After speaking to many Catholics and other Christians from local communities, Emmanuel drew the conclusion that “after all that they [Pakistani Christians] have been through and with their calls for help gone unheard, indignation has replaced hope.” He continues: “There is no hope attached to the selection fo the pope as they have never directly benefited from them. Hopes are pinned only when you believe that someone will hear or address the concerns you may have had and in this case, the pope has failed the Christians of Pakistan – we seem not to matter – not to our government and not to our own pope.”
Time is ripe for Pope Francis I to make a strong statement regarding the persecuted Catholic community in Pakistan and the lackluster response of the Pakistani government to the latest attack in Joseph Colony. Doing so can help strengthen the psyche and resilience of Pakistani Catholics and help the Vatican form stronger bonds with their periphery communities, which are often the most neglected and vulnerable.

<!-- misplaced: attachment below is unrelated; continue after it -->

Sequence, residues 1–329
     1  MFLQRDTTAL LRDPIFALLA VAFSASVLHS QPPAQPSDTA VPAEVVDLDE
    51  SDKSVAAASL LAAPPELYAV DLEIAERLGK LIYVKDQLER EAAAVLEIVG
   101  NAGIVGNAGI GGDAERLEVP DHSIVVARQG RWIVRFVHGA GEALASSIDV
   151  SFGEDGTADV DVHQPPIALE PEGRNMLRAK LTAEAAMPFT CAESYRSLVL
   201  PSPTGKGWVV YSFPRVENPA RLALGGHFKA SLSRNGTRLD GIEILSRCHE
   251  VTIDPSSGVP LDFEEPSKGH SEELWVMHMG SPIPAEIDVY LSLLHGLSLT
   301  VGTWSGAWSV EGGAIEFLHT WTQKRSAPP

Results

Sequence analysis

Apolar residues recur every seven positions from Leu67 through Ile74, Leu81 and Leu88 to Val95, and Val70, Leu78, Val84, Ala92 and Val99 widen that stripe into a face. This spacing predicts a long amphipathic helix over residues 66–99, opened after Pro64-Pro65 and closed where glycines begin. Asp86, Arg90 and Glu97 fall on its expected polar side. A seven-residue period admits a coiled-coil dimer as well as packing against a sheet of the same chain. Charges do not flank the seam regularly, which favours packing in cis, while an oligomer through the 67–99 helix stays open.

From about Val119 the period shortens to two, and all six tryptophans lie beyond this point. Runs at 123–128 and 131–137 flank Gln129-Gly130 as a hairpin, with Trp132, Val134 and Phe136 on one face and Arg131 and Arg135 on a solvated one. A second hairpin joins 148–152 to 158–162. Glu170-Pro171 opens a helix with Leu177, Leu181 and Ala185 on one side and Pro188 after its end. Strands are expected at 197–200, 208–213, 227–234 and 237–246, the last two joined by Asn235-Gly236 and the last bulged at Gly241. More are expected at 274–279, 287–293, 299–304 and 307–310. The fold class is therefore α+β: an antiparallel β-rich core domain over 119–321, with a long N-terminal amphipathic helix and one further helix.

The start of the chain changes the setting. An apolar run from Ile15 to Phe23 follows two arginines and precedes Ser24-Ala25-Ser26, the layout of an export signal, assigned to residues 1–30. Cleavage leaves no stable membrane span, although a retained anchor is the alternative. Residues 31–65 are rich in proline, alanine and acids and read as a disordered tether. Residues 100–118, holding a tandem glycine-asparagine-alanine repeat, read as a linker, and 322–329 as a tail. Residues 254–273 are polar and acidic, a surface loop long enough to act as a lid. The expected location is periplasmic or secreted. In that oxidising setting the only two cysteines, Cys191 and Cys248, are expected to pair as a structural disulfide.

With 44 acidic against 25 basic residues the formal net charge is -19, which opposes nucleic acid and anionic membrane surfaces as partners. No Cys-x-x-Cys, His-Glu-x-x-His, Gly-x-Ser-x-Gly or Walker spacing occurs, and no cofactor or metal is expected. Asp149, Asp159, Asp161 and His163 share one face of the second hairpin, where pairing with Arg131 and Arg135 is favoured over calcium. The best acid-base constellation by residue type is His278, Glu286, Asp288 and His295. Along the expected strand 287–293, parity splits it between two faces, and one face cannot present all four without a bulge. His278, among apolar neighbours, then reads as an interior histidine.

Tags: Catholic Church, Catholic community, Christian, Christians in Pakistan, Express Tribune, Fear, Hope, Joseph Colony, Lahore, Pakistan, Pakistani Catholics, Pope, Pope Francis, Pope Francis I, Religion News, Religious freedom, Religious persecution, Rohan Emmanuel, Vatican, Vatican news
Source: LAFZ media
Click HERE to access the article.
This is an especially important publication because it reaches in area of the world which has been fundamentally impacted by various conflicts in the post-9/11 world. In fact, President Obama has called this area ‘the most dangerous place in the world’.